The sauna has long been part of many cultures and is valued for its many health benefits. Relaxation, improved circulation, skin cleansing – these are just some of the benefits that attract people to saunas. However, when you’re pregnant, the rules of the game can change somewhat. Is a sauna safe for mums-to-be? This question has many aspects to consider, and that’s what we’ll be doing in this article.
⚠️ Attention: This article is for information only and is not intended to replace professional medical advice. Every woman is different and pregnancy is a very individual time in a woman’s life. Always consult your doctor or other qualified health professional before making any decisions about your health and the health of your unborn baby. Your safety and that of your baby is paramount.
Is it possible to use the sauna during pregnancy?
The attitude of medicine towards sauna use during pregnancy is not clear-cut and is still controversial. Some studies suggest that the sauna may have some benefits for pregnant women. It has been suggested, for example, that the heat and relaxation of the sauna can help alleviate some of the discomforts associated with pregnancy, such as back pain, muscle tension and stress. In addition, some claim that regular sauna use may even contribute to a smoother pregnancy and delivery.
When can you not use a sauna during pregnancy?
However, despite these potential benefits, many studies and general medical opinion warn against sauna use, especially during the first trimester of pregnancy. This is the time when the baby’s key organs are forming, and too high a body temperature for the mother can potentially lead to complications.
There are also certain conditions that absolutely rule out sauna use for a pregnant woman. First and foremost these are hypertension, severe toxo, and situations where there is a risk of premature termination of pregnancy. In these cases, sauna use is not safe and can contribute to the deterioration of the health of the mother-to-be and the baby.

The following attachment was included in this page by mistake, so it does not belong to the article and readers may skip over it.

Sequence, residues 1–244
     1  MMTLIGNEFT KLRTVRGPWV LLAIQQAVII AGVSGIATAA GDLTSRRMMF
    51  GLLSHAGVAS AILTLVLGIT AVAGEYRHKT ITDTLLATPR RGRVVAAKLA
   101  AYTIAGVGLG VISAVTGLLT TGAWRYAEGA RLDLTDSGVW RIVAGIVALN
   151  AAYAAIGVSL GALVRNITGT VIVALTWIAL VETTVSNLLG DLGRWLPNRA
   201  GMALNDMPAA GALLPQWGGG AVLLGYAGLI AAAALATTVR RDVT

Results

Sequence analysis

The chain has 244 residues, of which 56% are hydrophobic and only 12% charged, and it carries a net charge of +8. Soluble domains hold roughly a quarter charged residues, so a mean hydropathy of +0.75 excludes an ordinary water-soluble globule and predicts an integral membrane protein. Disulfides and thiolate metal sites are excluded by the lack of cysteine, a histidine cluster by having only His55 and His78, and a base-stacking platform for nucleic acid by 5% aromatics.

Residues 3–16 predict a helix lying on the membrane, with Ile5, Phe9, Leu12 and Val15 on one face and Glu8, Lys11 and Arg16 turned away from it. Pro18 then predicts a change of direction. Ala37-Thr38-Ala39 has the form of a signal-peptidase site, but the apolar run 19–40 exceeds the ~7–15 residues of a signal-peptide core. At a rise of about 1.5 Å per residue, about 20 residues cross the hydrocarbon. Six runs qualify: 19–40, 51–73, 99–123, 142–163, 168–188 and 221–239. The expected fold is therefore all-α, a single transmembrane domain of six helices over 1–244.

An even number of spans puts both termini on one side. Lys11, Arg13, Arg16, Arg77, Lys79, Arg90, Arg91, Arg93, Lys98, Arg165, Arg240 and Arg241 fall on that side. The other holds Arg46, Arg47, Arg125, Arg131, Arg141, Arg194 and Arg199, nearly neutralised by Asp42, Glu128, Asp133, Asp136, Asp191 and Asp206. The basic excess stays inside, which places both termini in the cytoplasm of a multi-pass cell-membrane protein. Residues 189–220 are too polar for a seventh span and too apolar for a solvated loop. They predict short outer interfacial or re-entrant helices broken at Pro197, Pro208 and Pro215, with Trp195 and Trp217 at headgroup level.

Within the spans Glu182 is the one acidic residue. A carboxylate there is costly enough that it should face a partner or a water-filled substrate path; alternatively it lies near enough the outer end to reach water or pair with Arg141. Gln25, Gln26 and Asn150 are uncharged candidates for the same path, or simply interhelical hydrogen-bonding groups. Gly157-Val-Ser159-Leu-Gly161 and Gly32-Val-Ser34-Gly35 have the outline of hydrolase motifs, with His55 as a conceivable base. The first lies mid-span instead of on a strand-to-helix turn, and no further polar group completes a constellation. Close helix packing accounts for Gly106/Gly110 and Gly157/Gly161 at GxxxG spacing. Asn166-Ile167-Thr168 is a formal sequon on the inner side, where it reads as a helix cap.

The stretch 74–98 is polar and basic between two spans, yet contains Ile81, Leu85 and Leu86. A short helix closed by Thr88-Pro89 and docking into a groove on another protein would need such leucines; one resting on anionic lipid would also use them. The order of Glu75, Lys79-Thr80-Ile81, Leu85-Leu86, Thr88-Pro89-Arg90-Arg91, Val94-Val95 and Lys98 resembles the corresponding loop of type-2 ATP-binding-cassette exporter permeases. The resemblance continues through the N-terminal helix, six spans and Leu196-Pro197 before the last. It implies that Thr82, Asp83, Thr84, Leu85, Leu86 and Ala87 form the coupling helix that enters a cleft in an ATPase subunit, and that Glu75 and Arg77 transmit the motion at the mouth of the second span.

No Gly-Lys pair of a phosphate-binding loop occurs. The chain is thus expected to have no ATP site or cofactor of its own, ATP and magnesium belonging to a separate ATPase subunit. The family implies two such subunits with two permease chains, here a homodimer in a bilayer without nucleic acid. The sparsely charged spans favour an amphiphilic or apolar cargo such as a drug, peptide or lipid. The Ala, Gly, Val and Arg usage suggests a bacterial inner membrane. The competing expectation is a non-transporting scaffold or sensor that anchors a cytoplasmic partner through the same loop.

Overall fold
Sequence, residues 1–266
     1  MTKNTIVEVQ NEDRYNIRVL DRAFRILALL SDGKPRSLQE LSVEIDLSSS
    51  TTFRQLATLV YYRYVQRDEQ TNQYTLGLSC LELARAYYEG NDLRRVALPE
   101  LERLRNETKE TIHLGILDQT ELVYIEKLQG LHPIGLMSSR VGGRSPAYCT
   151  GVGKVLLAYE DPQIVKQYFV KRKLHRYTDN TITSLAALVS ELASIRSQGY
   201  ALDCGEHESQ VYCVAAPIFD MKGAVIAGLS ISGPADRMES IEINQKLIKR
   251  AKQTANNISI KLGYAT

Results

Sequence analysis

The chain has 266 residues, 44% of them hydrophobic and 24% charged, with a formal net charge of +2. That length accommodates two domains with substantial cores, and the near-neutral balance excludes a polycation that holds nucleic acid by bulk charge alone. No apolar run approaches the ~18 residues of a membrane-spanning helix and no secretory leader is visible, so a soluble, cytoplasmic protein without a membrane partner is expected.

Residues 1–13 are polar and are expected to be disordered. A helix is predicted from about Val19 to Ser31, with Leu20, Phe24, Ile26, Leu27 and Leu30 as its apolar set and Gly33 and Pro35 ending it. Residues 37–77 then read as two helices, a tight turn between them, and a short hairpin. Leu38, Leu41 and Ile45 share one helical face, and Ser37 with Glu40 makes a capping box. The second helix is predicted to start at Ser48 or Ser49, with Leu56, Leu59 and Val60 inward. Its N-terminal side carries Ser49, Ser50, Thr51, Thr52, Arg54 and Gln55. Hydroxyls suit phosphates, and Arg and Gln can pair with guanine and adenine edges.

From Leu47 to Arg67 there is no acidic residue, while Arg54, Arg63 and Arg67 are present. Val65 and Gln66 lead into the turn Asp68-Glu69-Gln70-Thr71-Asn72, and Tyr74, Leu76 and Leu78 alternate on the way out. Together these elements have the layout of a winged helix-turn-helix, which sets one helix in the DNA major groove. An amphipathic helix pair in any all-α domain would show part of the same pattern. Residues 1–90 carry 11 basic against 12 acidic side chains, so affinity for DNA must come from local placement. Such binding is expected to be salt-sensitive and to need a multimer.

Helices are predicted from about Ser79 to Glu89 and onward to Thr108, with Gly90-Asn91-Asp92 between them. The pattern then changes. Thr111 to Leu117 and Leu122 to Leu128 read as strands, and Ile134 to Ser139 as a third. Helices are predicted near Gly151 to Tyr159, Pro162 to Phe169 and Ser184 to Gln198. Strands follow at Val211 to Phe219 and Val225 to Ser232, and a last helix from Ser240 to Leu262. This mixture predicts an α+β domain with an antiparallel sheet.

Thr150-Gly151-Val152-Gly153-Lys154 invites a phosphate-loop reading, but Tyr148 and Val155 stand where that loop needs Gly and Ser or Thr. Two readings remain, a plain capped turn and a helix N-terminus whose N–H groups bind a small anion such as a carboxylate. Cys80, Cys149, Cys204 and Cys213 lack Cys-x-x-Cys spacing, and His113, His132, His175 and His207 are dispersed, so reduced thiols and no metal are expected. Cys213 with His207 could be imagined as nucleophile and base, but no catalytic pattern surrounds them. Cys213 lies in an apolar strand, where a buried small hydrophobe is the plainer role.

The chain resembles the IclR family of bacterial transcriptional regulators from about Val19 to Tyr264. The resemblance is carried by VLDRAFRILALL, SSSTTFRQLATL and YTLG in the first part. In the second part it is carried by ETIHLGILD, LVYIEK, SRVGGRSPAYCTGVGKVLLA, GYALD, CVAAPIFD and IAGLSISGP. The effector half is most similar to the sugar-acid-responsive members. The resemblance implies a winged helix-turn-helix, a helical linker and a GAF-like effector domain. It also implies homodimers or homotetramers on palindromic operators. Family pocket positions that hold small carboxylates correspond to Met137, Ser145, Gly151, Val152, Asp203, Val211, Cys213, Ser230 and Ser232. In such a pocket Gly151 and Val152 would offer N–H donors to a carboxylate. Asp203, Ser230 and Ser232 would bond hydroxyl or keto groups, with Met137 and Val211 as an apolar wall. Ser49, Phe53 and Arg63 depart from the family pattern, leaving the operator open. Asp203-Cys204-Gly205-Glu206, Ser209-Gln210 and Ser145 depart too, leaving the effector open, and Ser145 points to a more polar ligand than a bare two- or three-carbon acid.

Who can use the sauna during pregnancy and when?
The decision to use a sauna during pregnancy should always be taken on an individual basis and after consultation with a doctor. It all depends on the woman’s state of health, the course of the pregnancy and her general well-being.
- In the second and third trimester of pregnancy: After the first trimester, when the baby’s most important organs are already formed, some women can use the sauna, provided they feel comfortable and have no medical contraindications.
- In the case of a healthy pregnancy: If the pregnancy is progressing without complications, some women can use the sauna, but always in moderation and with close monitoring of their well-being.
- Women with previous experience: Women who were regular sauna users prior to pregnancy may find it easier to adapt to sauna conditions. However, even in this case, caution and awareness of one’s body are essential.
Remember that what is safe and comfortable for one woman is not always safe and comfortable for another. Regardless of the stage of pregnancy, it is always important to monitor your wellbeing, listen to your body and leave the sauna immediately if you start to feel unwell. Always consult your doctor before making any decision about sauna use during pregnancy.
Advantages of sauna use during pregnancy
Using a sauna during pregnancy can have a number of potential benefits for mothers-to-be, provided it is safe and approved by a doctor. Here are some of the possible benefits: